“In most cases, when you attack people, you back down, but I am a Marine.” — John Guandolo
In an interview with The Wichita Eagle newspaper, Sheriff Jeff Easter saud he wouldn’t be sending any of his officers to the training. This is in stark contrast to the department’s position days ago, when Sheriff’s spokesman Lt. Dave Mattingly spoke glowingly of the Understanding the Threat’s founder and chief instructor John Guandolo. Mattingly said of the former Marine and FBI Agent that his “expertise in the Muslim world and in fighting terrorism can help officers distinguish between good guys and bad guys.”
Mattingly’s accolades didn’t end there. He went on to say:
We want our folks to … be able to see the difference. We want to know what the real threat is, and Mr. Guandolo is a subject-matter expert.
A former Marine Corps officer who served in ground combat operations during the Gulf War, Guandolo signed on with the FBI in 1996, where after the 9/11 attack he was assigned to the Counterterrorism Division of the FBI’s Washington Field Office. There he developed expertise in the Muslim Brotherhood, Islamic Doctrine, and the global Islamic Jihad Movement. He was officially designated a Subject Matter Expert on global Islamic Jihad by the D.C. Office.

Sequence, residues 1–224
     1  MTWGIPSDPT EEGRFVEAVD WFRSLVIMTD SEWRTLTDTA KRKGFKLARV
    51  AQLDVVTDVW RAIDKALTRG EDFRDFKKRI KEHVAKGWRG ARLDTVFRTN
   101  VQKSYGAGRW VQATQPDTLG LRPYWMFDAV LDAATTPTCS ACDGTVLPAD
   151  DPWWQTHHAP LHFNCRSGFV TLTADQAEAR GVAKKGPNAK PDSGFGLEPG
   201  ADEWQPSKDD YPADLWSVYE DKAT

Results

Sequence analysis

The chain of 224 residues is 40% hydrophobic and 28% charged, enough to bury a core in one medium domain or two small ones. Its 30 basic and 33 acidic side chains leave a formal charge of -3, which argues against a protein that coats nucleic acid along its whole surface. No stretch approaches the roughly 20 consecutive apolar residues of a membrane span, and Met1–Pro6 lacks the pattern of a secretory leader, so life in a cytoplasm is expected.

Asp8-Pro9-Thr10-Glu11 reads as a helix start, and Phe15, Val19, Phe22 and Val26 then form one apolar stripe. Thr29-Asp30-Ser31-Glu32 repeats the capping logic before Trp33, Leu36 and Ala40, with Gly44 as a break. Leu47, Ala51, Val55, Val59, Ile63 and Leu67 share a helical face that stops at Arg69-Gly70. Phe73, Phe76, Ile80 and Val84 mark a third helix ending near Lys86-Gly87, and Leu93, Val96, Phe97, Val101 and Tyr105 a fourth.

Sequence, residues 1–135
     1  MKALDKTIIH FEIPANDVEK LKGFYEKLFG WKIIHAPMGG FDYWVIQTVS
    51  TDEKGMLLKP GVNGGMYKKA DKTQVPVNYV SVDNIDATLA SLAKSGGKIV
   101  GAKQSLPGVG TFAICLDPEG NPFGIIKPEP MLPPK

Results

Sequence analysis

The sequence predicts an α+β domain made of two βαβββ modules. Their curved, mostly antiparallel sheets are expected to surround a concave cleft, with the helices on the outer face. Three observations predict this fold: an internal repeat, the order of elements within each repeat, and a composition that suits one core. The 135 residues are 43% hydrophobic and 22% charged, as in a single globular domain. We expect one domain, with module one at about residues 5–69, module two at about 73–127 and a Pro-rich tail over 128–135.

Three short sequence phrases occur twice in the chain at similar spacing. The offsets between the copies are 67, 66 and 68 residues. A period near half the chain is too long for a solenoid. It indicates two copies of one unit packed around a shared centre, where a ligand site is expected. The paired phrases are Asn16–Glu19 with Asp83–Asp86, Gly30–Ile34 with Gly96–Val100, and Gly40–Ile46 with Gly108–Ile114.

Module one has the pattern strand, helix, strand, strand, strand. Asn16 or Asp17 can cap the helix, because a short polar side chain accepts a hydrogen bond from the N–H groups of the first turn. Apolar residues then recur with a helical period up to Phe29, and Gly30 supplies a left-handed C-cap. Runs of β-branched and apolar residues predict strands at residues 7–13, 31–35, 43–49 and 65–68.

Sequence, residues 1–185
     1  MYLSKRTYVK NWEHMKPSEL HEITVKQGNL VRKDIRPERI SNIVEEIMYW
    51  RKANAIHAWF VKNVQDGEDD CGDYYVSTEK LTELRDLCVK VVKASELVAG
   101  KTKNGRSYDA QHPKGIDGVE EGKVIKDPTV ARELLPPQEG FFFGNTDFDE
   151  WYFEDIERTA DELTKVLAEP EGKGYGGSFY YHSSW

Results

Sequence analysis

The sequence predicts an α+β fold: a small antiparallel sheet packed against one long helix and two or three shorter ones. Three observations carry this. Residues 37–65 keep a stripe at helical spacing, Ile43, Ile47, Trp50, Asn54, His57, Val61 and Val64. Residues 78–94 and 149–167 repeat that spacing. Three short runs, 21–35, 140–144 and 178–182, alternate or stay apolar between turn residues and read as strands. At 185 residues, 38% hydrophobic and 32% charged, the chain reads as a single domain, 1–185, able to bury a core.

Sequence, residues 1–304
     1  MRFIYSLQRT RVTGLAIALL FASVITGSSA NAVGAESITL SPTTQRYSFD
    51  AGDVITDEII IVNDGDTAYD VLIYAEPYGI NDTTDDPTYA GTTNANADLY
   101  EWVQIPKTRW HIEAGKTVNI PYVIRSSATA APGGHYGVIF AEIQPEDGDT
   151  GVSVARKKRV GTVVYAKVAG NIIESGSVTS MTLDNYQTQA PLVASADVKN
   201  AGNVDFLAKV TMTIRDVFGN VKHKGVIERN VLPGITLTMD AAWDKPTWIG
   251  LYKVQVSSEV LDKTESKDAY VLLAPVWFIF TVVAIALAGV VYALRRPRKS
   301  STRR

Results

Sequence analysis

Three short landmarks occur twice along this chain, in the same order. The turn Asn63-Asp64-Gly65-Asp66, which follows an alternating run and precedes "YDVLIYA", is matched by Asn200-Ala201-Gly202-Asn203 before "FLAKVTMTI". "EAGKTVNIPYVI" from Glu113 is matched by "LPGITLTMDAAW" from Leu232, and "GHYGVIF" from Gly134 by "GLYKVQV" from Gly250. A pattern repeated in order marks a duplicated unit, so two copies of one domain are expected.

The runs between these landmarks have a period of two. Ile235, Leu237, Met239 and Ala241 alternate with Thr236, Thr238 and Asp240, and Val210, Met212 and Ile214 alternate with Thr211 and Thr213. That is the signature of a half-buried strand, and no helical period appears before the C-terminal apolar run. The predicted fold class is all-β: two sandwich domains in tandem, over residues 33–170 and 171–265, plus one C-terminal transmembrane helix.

Despite Guandolo’s pedigree in organizational leadership and fighting the enemies of the United States, CAIR’s pressure on Easter forced him to withdraw sponsorship due to “the controversy had overshadowed the intent of the training.” CAIR’s national spokesman, Ibrahim Hooper, was undoubtedly pleased, declaring that Easter’s decision “was really good news.” CAIR’s initial objection was that Guandolo was “biased against Islam and his training programs persuade law enforcement members to be suspicious of all Muslims.”
CAIR’s allies speak out…
The Islamic Society of Wichita’s spokesman, Hussam Madi, stated the importance of law enforcement learning of different cultures and investigative strategies “but not from someone who brings hateful views” or from one who treats Muslims as “guilty till proven innocent.”
Ali Ben-Ayed, event coordinator for the Muslim Students Association at Wichita State University said:
As Muslims, we want to fight terrorism, but not by profiling. Islam is the most diverse religion. We’re hard to profile. Islam is a peaceful religion. And the terrorists, they’re just like the exception.
Finally, Janice Bradley, one of the board members of the Peace and Social Justice Center of South Central Kansas, said she perused Guandolo’s website “and it appeared to her that he was promoting ‘fear-mongering against our Islamic brothers and sisters.'”
In the meantime, Easter is ensuring that his personnel get the education they need in identifying the threat from violent jihadists. The sheriff has accepted the offer from Eric Holder’s U.S. Attorney’s Office to provide his deputies with the anti-terrorism training required to further their professional knowledge and capabilities.